On Friday, the FCC’s Audio Division released its first decision in the current renewal cycle addressing the issue of incomplete public inspection files and missing Quarterly Issues Programs List, proposing to fine an AM station in Virginia $15,000 for apparently not having any Issues Programs Lists in its online public inspection file for the entire renewal term.  The decision, found here, should serve as a warning to broadcasters to make sure that their online files are complete and up to date.

The facts of this case, summarized below, seem particularly egregious as the station had the same issue of missing issues programs lists when its last renewal was filed 8 years ago.  Nevertheless, we can expect that this won’t be the last fine we will see for stations that have incomplete public files.  The FCC has been sending out warnings about incomplete online files for the last year, and we’ve been warning (see, for instance, here and here) that, with all public inspection files now being available online, the FCC will likely be issuing fines during this renewal cycle if documents are missing from the file.  The Quarterly Issues Programs lists are seen by the FCC as being particularly important as they are the only official documents demonstrating the public interest programming that was actually broadcast by a station (see our article here).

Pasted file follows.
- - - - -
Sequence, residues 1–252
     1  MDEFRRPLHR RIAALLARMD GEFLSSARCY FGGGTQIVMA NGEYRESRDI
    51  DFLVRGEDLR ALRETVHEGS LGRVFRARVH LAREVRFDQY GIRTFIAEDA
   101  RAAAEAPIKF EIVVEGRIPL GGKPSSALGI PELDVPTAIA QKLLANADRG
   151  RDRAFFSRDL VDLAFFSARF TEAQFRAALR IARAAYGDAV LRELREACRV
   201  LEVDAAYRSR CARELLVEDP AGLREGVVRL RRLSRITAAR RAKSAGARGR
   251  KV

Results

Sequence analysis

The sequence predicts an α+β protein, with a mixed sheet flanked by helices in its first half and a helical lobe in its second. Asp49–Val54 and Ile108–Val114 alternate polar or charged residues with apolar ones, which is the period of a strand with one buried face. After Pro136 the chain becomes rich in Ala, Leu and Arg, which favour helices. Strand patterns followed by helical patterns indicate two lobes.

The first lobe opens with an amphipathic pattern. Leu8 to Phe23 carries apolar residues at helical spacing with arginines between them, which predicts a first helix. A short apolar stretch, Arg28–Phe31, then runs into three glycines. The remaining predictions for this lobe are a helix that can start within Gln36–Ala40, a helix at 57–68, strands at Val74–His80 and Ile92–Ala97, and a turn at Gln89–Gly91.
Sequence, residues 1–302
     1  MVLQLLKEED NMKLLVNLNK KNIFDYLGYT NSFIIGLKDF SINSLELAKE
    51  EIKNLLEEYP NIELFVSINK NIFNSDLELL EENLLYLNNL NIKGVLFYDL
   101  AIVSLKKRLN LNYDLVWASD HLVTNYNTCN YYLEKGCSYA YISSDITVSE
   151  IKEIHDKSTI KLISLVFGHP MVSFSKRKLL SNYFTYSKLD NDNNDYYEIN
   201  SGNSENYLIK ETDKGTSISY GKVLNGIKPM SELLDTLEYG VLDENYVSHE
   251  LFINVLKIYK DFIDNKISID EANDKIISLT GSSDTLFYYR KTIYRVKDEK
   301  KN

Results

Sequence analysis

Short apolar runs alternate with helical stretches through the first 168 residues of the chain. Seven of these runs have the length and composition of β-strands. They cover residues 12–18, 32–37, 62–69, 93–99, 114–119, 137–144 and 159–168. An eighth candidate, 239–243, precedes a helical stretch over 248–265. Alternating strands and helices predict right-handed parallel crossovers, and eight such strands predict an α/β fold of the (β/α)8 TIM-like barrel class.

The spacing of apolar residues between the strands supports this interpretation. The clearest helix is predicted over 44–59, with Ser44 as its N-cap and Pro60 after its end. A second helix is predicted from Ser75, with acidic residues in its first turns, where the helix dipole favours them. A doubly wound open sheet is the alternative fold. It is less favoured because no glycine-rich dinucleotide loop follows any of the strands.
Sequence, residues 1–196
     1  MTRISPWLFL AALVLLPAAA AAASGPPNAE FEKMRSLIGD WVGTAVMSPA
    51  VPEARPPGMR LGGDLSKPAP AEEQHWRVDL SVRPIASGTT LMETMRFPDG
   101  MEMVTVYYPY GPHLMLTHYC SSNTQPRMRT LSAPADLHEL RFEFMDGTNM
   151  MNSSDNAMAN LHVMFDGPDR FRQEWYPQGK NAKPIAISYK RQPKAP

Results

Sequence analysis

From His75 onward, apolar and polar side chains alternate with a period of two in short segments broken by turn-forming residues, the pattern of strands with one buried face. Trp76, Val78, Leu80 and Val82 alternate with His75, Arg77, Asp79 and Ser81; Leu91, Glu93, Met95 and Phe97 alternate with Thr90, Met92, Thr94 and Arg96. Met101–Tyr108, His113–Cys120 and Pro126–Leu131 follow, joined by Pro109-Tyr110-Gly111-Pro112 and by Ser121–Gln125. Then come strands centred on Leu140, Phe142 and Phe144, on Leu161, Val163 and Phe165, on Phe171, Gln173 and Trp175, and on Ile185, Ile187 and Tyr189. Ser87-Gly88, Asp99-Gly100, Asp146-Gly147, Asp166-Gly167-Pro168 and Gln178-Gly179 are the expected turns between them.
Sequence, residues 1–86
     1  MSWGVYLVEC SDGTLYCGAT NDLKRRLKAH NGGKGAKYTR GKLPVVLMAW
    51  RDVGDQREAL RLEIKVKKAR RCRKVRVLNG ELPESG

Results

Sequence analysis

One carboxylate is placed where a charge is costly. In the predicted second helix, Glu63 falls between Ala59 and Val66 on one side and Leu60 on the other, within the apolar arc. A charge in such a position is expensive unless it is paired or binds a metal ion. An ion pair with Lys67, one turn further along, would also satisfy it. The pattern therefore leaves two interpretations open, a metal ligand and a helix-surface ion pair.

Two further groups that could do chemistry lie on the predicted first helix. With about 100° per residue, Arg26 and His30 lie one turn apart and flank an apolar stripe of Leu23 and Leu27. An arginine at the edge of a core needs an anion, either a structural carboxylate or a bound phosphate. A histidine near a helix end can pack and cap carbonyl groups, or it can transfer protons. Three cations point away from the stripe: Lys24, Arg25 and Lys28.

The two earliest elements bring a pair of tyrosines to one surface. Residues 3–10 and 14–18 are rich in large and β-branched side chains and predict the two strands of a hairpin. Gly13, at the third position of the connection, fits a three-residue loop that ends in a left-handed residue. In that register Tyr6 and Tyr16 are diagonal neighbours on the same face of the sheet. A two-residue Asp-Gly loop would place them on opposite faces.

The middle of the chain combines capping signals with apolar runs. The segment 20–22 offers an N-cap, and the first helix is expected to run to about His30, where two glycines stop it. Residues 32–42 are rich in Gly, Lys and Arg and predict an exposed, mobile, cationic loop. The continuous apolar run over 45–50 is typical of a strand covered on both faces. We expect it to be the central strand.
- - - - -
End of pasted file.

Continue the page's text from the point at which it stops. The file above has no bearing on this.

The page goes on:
In this case, the station is owned by a 92-year-old man, who was stated to have run the station almost entirely on his own.  He was not computer literate and thus did not know how to upload materials to the online public file.  It was also claimed that he did not remember if he had prepared Quarterly Issues Programs Lists during the renewal term.  The FCC said that his age was no excuse, and the violation was more serious as he had admitted to not having prepared Quarterly Issues Programs lists during the station’s last renewal as well as during the current license period.  Thus, the Commission’s staff was recommending a $15,000 fine and a short-term renewal for only two years, rather than the normal 8 years.

The FCC has given notice – so if your renewal has not yet been filed, take the time now to ensure that your public file is complete to avoid the costly fines that could come your way if documents are missing.